Error-related brain activity in obsessive compulsive undergraduates

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1 Psychiatry Research 110 (2002) Error-related brain activity in obsessive compulsive undergraduates Greg Hajcak, Robert F. Simons* Department of Psychology, University of Delaware, Newark, DE 19716, USA Received 22 August 2001; received in revised form 15 February 2002; accepted 19 February 2002 Abstract Error-related negativity (ERNyNe) is a component of the event-related brain potential (ERP) associated with monitoring action and detecting errors. It is a sharp negative deflection that generally occurs from 50 to 150 ms following response execution and has been associated with activity involving the anterior cingulate cortex (ACC). An enhanced ERN has recently been observed in patients with obsessive compulsive disorder (OCD). We extended these findings by measuring the ERN in college undergraduates with OC characteristics as measured by the Obsessive Compulsive Inventory (OCI). Eighteen high-oc subjects and 17 low-oc subjects performed a modified Stroop task with equal emphasis placed on speed and accuracy. Response-locked ERPs revealed a frontally maximal negativity associated with erroneous responses that was significantly larger in the high-ocigroup. There were no performance differences between the two groups. Our results support the view that the characteristics associated with OCD are related to hyper-functioning error and action-monitoring processes Elsevier Science Ireland Ltd. All rights reserved. Keywords: Obsessive-Compulsive Inventory; Stroop task; Evoked potentials; Executive function 1. Introduction Obsessive-compulsive disorder (OCD) is characterized by recurrent obsessions or compulsions«that are severe enough to be time consuming«or cause marked distress or signifi- Portions of this paper were presented at the 41st annual meeting of the Society for Psychophysiological Research, Montreal, Canada, October *Corresponding author. Tel.: q ; fax: q address: (R.F. Simons). cant impairment (American Psychiatric Association, 1994). The repeated doubt and subsequent checking that surround actions is particularly salient features of OCD. Within a cognitive framework, these intrusive obsessions and subsequent compulsions associated with OCD can be viewed in terms of dysfunctional response monitoring. Veale et al. (1996) reported that patients with OCD engage in excessive response monitoring, particularly after the commission of errors. Using a variation of the Tower of Hanoi problem, Veale et al. noted that OCD patients performed slower than control subjects after an error, but interesting /02/$ - see front matter 2002 Elsevier Science Ireland Ltd. All rights reserved. PII: S Ž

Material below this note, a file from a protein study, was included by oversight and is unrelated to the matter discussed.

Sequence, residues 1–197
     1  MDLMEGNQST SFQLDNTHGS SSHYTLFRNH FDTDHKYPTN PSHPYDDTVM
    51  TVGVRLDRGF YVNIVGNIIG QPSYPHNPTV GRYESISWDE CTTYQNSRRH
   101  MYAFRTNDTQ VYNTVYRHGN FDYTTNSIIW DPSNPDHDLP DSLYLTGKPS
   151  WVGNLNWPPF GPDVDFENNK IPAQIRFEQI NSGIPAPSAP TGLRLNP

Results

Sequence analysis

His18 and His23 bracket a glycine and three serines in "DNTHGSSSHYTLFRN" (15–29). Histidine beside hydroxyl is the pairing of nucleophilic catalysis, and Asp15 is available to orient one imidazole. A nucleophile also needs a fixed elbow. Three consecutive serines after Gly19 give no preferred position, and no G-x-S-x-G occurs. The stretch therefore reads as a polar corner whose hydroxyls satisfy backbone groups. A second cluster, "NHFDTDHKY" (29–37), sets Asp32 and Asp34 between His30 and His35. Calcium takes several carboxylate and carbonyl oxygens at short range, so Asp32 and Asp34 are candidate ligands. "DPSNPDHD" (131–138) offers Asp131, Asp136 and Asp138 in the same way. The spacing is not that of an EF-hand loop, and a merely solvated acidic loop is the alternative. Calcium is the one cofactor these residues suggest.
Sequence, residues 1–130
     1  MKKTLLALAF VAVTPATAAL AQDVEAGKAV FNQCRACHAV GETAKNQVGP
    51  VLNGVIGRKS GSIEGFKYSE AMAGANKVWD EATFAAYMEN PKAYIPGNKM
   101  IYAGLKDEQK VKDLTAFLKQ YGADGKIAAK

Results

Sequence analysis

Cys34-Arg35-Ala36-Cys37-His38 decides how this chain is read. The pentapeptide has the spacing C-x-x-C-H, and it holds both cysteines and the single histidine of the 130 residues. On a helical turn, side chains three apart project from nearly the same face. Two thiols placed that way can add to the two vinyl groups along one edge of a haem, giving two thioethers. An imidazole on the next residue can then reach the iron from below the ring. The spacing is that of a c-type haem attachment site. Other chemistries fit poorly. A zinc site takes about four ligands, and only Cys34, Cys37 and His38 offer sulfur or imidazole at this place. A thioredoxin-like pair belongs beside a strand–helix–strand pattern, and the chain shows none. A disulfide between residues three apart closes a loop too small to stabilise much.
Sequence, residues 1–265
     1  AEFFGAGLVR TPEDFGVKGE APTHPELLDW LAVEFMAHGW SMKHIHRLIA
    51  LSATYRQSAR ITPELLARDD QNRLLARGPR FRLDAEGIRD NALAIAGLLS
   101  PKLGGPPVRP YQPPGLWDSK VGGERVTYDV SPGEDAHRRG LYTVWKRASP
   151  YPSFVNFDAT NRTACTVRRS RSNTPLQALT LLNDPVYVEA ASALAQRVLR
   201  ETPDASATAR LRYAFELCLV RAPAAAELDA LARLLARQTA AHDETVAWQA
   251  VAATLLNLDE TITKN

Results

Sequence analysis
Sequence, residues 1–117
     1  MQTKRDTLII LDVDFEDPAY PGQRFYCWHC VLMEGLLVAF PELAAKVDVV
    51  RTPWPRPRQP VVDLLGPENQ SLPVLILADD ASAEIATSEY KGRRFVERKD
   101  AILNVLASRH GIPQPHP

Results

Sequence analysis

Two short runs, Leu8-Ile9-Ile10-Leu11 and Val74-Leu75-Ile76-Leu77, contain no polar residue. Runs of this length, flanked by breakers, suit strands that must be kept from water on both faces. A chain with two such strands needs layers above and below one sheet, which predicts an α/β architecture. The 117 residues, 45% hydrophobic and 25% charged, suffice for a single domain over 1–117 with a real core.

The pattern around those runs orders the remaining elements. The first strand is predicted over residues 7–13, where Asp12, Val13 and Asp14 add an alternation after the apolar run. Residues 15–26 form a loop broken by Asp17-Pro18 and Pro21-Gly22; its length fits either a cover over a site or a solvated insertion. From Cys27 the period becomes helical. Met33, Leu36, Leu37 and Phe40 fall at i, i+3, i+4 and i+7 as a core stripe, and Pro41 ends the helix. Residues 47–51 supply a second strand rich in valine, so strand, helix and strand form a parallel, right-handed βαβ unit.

2 64 G. Hajcak, R.F. Simons / Psychiatry Research 110 (2002) ly, OCD patients performed just as well as the control subjects in terms of overall success. Response monitoring is one of many executive processes or functions that have been localized, in numerous studies, to the frontal areas of the brain (Damasio, 1996; Rolls, 1996; Cohen et al., 1996; Kolb and Whishaw, 1996). Purcell et al. (1998) provide evidence that patients with OCD have specific cognitive deficits that indicate frontal striatal dysfunction. Hypothesized frontal dysfunction in OCD is also supported by recent event-related potential (ERP) studies. Di Russo et al. (2000) examined stimuluslocked ERPs while OCD and control subjects performed a goyno-go task. The goyno-go task was chosen as an example of a discrimination response task that requires both response activation and inhibition functions that rely on frontal regions of the brain. Interestingly, the Di Russo et al. (2000) study found that OCD patients showed comparable activation on both target (go) and nontarget (no-go) trials, whereas controls showed greater activation on non-target (no-go) trials. Di Russo et al. (2000) argue that the goyno-go P3 component reflects a frontal response-inhibition system and their results indicate that this frontal system is hyperactive in the OCD group. PET and fmriimaging studies have supplied additional evidence that the symptoms associated with OCD are related to the hyperactivity of particular components of the frontostriatal system: orbitofrontal cortex (OFC); anterior cingulate cortex (ACC); and dorsolateral prefrontal cortex (DLPFC; Breiter et al., 1996; Baer et al., 1995). The neurobiological finding that OCD is associated with a hyperactive ACC may actually underlie the cognitive-behavioral component of enhanced response monitoring in OCD. Posner and Rothbart (1998) suggested that the human ACC may be involved in the subjective monitoring of behavior. In a similar vein, ERP experiments have suggested that the ACC is active in a system responsible for action monitoring, especially in terms of the commission of errors (Dehaene et al., 1994). Studies that measure ERPs during speeded reaction time tasks consistently find a sharp negative deflection in the response-locked ERP that begins around the time of an incorrect response and peaks approximately ms after the commission of an error (Gehring et al., 1993; Dikman and Allen, 2000; Luu et al., 2000; Falkenstein et al., 2000; Scheffers and Coles, 2000; Nieuwenhuis et al., 2001). This component is found at frontal recording sites along the midline, and is virtually nonexistent in the waveform for correct trials. The sharp negative deflection associated with errors is referred to as error negativity (Ne: Hohnsbein et al., 1989) or error-related negativity (ERN; Gehring et al., 1990). The ERN is thought to reflect the activity of a general error-processing system, active across stimulus and response modalities. In terms of response modality, it has been shown that the ERN is generated when subjects respond with foot or hand movements, as well as with finger or eye movements (Holroyd et al., 1998; Van t Ent and Apkarian, 1999). As far as stimulus modality is concerned, the ERN is generated when stimuli are presented in either the visual or auditory modality (Bernstein et al., 1995). The magnitude of the ERN is the same for fast vs. slow errors (Falkenstein et al., 2000); it is larger when accuracy is emphasized over speed and larger when subjects are more certain that they have made a mistake (Falkenstein et al., 2000; Gehring et al., 1993). The size of the ERN has also been shown to be sensitive to the magnitude of the error. Falkenstein et al. (2000) had subjects respond in four ways to a speeded reaction time task with two fingers on their right hand and two fingers on their left hand. Interestingly, Falkenstein et al. (2000) found that the ERN for hand-errors was larger than the ERN for finger-errors. Additionally, double errors (wrong hand and wrong finger) produced a larger ERN than single errors (wrong finger or wrong hand). In a similar study, Bernstein et al. (1995) quantified the number of movement parameters used in responding, and found that the ERN magnitude was enhanced for errors that were wrong in more response dimensions. The generality of ERN involvement in error processing is further demonstrated in a study by Miltner et al. (1997), who found an ERN following negative feedback. In this study, subjects had to estimate an amount of time, and were provided positive or negative feedback depending on wheth-